A.         By this, I assume you’re talking about reports in at least one national newspaper last weekend about an “impact assessment” written for ministers by a top civil servant at the Department of Energy and Climate Change, which suggested that the scheme could actually slow down the rate at which lofts and cavity walls are insulated.


The reports even quoted a spokesman for the Association for the Conservation of Energy, which represents the insulation industry, who said that they expected around 16,000 jobs to go in the sector over the next few months.


And since, as you probably know, the Green Deal is supposed to be the Government’s flagship scheme for slashing greenhouse gas emissions by encouraging 14 million householders to make their homes more energy efficient, this is more than a little confusing – not to say embarrassing for the Government!


So what, as you may indeed ask, is going on?


Well, until the end of last year, energy companies such as British Gas and so on were obliged by law to offer their customers things like loft or wall insulation at knockdown prices. A nice, simple, easily understood scheme – which resulted in widespread take-up, and a booming home insulation industry.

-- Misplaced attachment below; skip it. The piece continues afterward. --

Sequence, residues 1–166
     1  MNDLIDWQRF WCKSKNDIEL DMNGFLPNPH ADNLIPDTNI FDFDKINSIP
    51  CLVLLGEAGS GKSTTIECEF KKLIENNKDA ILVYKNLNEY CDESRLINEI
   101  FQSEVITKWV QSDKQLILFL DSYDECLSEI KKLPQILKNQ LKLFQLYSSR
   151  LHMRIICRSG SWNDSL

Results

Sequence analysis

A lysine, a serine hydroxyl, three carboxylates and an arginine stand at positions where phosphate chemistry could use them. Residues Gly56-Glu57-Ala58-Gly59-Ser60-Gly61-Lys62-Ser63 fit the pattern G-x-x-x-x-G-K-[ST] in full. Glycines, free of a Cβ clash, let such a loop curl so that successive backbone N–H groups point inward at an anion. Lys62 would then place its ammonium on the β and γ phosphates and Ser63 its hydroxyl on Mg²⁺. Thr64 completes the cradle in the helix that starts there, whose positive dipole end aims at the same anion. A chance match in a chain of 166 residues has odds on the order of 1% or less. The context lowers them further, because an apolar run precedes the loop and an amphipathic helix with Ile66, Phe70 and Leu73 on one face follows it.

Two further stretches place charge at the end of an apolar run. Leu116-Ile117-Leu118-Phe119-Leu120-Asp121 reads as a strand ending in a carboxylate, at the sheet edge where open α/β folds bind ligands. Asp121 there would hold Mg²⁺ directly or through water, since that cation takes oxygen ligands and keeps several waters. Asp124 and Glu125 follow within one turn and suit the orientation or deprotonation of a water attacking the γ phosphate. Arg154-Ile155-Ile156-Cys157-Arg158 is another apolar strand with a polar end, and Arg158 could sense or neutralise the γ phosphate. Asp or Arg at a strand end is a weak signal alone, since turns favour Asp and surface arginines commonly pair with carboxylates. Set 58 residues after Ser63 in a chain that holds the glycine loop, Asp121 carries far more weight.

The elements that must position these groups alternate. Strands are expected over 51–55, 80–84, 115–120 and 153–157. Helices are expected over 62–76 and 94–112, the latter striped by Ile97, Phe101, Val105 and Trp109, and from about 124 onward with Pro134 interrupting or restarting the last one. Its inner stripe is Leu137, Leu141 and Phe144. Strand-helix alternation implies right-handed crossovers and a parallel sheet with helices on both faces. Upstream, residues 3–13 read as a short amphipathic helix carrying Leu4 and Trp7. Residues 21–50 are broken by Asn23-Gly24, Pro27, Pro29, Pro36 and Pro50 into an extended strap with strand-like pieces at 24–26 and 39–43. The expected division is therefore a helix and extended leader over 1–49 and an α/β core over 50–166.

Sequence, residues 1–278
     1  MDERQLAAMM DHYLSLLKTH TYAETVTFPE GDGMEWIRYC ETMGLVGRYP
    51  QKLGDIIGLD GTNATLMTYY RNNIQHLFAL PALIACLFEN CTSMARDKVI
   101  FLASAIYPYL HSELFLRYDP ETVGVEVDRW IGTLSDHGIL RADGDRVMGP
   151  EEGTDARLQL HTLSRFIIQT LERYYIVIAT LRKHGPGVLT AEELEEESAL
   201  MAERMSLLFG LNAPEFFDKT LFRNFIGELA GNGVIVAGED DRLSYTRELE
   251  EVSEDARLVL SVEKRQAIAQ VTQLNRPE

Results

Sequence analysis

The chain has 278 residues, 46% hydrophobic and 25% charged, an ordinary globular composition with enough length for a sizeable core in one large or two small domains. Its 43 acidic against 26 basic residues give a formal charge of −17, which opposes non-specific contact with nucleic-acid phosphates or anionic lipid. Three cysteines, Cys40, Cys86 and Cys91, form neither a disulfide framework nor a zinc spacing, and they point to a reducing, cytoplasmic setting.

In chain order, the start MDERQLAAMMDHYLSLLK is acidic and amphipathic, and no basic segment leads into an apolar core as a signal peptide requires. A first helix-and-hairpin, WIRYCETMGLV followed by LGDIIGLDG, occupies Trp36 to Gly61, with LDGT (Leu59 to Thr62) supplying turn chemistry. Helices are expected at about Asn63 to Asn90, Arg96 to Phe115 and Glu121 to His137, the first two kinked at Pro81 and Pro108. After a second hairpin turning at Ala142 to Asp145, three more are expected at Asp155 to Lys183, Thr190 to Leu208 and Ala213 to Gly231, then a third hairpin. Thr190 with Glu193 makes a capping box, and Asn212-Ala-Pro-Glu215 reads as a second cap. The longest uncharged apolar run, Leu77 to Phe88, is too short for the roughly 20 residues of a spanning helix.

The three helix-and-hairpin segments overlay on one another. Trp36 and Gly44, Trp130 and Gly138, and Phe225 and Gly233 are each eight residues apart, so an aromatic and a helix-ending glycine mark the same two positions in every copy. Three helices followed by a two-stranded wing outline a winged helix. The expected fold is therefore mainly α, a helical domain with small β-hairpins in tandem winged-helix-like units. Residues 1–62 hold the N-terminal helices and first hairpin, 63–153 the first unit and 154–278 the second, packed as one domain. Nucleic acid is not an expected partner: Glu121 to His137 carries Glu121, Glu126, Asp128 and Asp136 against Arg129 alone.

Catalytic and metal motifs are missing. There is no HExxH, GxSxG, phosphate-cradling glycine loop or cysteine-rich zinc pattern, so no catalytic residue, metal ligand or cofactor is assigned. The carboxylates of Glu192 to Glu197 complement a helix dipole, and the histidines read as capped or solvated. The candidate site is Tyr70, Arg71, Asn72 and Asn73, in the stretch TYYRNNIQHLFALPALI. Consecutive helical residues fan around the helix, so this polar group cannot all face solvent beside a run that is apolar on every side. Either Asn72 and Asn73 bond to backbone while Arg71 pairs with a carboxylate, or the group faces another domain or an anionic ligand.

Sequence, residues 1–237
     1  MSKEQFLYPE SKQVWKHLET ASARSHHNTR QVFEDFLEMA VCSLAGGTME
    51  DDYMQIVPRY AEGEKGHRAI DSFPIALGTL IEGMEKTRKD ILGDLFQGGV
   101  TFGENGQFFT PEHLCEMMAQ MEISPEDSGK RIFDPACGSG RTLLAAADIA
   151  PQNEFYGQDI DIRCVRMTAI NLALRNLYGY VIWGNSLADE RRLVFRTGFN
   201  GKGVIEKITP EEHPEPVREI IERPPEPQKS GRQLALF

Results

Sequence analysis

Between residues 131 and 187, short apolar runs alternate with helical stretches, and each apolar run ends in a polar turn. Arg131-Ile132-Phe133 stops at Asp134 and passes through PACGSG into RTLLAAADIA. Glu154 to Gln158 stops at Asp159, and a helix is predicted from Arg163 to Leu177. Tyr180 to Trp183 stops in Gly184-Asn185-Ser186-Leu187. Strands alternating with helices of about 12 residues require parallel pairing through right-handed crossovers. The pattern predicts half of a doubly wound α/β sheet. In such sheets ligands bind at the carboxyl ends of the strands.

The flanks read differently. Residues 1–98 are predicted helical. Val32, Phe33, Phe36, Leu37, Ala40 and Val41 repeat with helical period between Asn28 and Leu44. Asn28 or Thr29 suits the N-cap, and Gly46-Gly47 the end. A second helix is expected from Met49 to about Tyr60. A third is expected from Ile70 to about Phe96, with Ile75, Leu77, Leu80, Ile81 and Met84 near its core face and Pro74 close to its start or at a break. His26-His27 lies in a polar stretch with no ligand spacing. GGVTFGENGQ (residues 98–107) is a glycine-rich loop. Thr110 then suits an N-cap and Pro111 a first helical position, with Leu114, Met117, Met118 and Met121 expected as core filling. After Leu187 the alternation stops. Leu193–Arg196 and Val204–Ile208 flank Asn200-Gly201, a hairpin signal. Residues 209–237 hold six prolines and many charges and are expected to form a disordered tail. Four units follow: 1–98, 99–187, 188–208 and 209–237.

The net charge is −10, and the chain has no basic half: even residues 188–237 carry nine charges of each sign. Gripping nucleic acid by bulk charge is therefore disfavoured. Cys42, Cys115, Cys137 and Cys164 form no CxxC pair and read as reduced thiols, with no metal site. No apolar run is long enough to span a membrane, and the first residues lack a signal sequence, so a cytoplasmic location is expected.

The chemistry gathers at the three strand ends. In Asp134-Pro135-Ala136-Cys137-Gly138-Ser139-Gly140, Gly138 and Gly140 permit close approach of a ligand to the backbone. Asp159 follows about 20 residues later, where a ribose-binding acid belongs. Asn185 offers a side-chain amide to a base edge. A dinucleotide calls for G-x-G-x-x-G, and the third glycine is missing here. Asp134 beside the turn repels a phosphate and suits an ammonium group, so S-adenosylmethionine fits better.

Cue the much-trumpeted and rather more complex Green Deal, under which householders are basically encouraged to take out a loan of up to £10,000 to have the necessary work done. The loans themselves are repaid through higher energy bills over a period of 25 years – subject to what the Government calls The Golden Rule, which says that the savings made through greater energy efficiency must be greater than the cost of the improvements required.


Now of course, this effectively means that the home improvements in question are free – which ministers understandably think ought to make the proposition much more attractive to hard-pressed homeowners. And they may well be right, in the longer term.


Meanwhile, however, consumers are understandably wary of the new scheme, and in particular, the fact that Green Deal loans will be tied to the property, which means that if it is subsequently sold, repayments continue to be made by the new owner. The result: 1,000 insulation workers already made redundant just before Christmas, and another 1,200 given notice.


Still, we are assured that everything will turn out alright in the end…